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Garden Q&A: Tips to keep cats out of garden

Jessica Walliser
A Nepeta plant (catnip) in flower

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Saturday, Feb. 8, 2014, 6:13 p.m.
 

Question: I'm looking for environmentally safe ways to keep cats from “doing their business” in my butterfly garden as well as in the mulch around my trees.

Answer: Cat urine is quite potent. Not only is the odor bothersome, but the salts and nitrogen contained in it can burn plant foliage and roots. Plus, feline fecal matter can contain a number of pathogens, including roundworms, parasitic nematodes and Toxoplasma gondii (a parasite which causes the disease Toxoplasmosis).

Doing your best to keep kitty from using your garden as a litter box is a good idea.

Here are a few possible solutions:

Let's start with two mechanical deterrents.

Motion-activated sprinklers, such as the Scarecrow by Contech (available through Amazon.com, Petco.com, and others), can be hooked up to the garden hose. They send a sharp burst of water whenever motion is sensed in the area, scaring away cats, dogs, deer and rowdy teenagers.

Another idea is a motion-activated ultrasonic device that emits a high-frequency sound whenever movement is sensed in the area, sending cats elsewhere. CatStop is one brand that's available from retailers.

Cats prefer to dig before they “go,” so a simple physical barrier of chicken wire or plastic bird netting laid down over the soil and pinned into place will keep them from digging up the garden. You can cut holes through the netting and plant right through it or just lay strips of chicken wire around the perimeter of the garden. Most cats don't like walking over it, either.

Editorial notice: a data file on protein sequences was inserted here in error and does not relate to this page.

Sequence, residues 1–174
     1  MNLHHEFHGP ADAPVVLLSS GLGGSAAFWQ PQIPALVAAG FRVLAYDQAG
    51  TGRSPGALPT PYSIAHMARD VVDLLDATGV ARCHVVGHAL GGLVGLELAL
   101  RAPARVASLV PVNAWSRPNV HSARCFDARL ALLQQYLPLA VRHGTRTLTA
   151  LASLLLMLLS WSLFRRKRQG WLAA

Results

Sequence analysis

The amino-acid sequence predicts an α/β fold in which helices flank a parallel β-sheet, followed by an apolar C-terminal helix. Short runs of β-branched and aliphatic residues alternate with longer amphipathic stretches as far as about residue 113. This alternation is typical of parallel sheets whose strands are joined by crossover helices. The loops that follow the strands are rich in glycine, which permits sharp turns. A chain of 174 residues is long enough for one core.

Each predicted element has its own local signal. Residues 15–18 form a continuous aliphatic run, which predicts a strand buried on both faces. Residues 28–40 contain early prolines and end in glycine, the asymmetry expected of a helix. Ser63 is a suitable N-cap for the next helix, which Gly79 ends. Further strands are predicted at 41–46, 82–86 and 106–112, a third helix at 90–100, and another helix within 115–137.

I've heard of people placing all manner of sharp-edged objects in their flower beds in an effort to keep cats from doing their business. I caution you against this, as you don't want to harm the cat or any other wildlife (or children) who might be exploring.

Another commonly touted solution is to spread citrus peels, black pepper powder or crushed cayenne in the area. I haven't had much success with these solutions, but I do know some gardeners who swear by them.

Be aware that you'll need to replace them regularly to aid in their effectiveness. Lastly, I offer what might possibly be the easiest, least-expensive and most effective way to keep cats out of your garden: build them one of their own. Cats love catnip (Nepeta cataria and several other Nepeta species).

Purchase a few plants and tuck them into an out-of-the-way area of your yard. Near the plants, dig a shallow pit and fill it with fine-grained sand. Cats will much prefer to use this new sandbox area instead of your garden.

You might even find them lounging in the catnip on sunny summer days.

Horticulturist Jessica Walliser co-hosts “The Organic Gardeners” at 7 a.m. Sundays on KDKA Radio. She is the author of several gardening books, including “Grow Organic” and “Good Bug, Bad Bug.” Her website is www.jessicawalliser.com.

Send your gardening or landscaping questions to tribliving@tribweb.com or The Good Earth, 503 Martindale St., 3rd Floor, D.L. Clark Building, Pittsburgh, PA 15212.

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